Shut Out of Wealth
Foreclosures Mean Setbacks in the Battle for Gender and Racial Equity
When Hines’s middle sister lost her job at General Motors last year, "the family fell on hard times, and we refinanced the house," said Hines. "But we had one of those ARMs [adjustable rate mortgages], and the payment almost doubled. My sister wasn’t able to keep it up." They received a notice informing them of their pending foreclosure. After their eviction, Hines’s two sisters and her teenage niece moved into a rental. But shortly after, their landlord defaulted on his mortgage, and that house went into foreclosure, too. "We are facing double foreclosure," she said.
Stories like these have become all too common during this brutal economic recession. But what is less obvious is how the crisis threatens to have long-lasting, multi-generational consequences, and severely impacts the ability of poor people and other marginalized groups to earn money and generate savings. The economic crisis has reversed a significant gain in home ownership among communities of color and women over the past decade. These groups in particular have suffered devastating losses in homeownership--the principal source of wealth for both groups.
For many families, home ownership is the foundation of equity and wealth to pass on to future generations. As foreclosures displace families and destabilize neighborhoods, this foundation is broken. Losing a home also means being uprooted in a traumatic fashion. In March 2009 alone, over 340,000 homes went into foreclosure, a 46% increase from March 2008 (1).
Multiple foreclosures have a deep impact on neighborhoods and communities. Home loss has not only resulted in more vacancies but also other negative impacts such as increased crime, businesses leaving the community, unpaid property taxes and declining neighborhood home values (2).
But the most damaging and lasting consequence of foreclosure is that families are stripped of their carefully and laboriously accumulated wealth. Indeed, homeownership is the central vehicle of wealth building for almost all families in the United States. "We lost our foundation as a family," said Hines. "I want to know what happened to the American dream? It’s an American nightmare, and it’s two or three nightmares if you are African American."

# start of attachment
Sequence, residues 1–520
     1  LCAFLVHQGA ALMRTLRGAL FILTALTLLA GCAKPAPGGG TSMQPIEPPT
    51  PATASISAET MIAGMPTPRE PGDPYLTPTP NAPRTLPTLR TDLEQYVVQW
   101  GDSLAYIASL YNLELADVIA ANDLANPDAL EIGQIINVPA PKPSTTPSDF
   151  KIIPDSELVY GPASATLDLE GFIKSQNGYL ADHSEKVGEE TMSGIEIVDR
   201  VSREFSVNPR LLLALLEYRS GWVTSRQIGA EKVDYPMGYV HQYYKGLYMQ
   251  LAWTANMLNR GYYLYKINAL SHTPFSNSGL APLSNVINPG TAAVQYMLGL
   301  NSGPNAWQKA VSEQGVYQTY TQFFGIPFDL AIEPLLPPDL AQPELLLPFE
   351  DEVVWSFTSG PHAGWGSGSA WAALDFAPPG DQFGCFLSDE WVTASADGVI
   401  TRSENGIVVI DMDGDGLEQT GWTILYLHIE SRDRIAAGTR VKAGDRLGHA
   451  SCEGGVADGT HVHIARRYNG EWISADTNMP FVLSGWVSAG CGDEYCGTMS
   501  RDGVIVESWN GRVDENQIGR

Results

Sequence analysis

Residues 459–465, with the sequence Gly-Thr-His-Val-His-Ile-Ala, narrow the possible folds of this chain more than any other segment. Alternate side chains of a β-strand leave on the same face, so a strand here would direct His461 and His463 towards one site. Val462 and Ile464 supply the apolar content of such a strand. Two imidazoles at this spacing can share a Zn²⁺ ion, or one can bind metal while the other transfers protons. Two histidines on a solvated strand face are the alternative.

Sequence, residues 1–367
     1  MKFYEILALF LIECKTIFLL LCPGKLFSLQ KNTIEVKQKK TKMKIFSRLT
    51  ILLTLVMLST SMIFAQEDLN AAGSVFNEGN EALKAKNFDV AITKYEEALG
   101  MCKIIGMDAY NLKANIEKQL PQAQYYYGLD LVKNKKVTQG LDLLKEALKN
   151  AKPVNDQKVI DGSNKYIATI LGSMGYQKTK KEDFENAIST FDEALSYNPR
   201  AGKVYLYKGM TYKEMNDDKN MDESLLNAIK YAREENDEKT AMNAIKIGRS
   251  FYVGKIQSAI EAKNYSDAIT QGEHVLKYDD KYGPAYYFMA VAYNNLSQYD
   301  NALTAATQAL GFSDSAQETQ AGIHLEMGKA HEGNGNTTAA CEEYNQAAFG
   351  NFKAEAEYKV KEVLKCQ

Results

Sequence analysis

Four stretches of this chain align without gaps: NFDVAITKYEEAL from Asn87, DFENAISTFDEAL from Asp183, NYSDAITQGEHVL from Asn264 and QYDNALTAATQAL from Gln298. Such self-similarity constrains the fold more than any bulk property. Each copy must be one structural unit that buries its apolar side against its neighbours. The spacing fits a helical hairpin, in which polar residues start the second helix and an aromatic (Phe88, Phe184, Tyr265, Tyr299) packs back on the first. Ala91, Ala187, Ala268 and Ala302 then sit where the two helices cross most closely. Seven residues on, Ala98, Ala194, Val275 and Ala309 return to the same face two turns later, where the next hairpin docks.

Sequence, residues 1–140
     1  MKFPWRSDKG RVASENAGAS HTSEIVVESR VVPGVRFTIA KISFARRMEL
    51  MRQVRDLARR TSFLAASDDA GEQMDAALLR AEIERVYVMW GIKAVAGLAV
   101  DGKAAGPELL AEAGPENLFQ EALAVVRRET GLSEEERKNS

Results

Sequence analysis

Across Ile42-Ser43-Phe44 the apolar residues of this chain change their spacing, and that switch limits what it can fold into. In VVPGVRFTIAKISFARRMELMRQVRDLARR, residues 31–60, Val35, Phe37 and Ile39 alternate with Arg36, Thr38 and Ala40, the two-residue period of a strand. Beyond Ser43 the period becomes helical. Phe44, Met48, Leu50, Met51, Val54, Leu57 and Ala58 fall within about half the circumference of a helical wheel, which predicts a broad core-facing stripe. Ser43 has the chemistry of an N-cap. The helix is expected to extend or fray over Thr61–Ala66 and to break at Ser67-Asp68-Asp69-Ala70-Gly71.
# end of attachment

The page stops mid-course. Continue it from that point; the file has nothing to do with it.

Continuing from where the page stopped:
For those who have long owned their homes, foreclosure means a loss of stability because for many families, their home was their only asset. While many subprime loans are sold to new homebuyers, in 2006, 56% of subprime loans were refinancing loans(3). They were sold to families like the Hineses, who already had equity in their homes. Amaad Rivera, of United for a Fair Economy, a Boston-based advocacy organization, estimates that the loss of wealth in communities of color resulting from recent foreclosures will be greater than since before Reconstruction (4). Indeed, the foreclosure crisis has brought Black and Latino homeownership rates back to where they were before the homeownership boom of the past decade--when they were already lagging significantly behind that of whites.
Women already hold fewer assets than men, and families of color already hold far fewer assets than white families, whether measured by the comparative value of cars and homes to retirement accounts. "Even widowed women, who fare best of all non-married women, own only $0.59 for every dollar of wealth owned by widowed men," writes geographer Karuna Jagger of the Women’s Health Initiative for Self-Employment. Citing data from 2006-2008, Jagger identifies never-married women as having astonishingly low levels of wealth, "less than a quarter of the wealth owned by never-married men. Never-married women’s median net worth is just $2,500 compared to the $148,700 median net worth of married individuals" (5).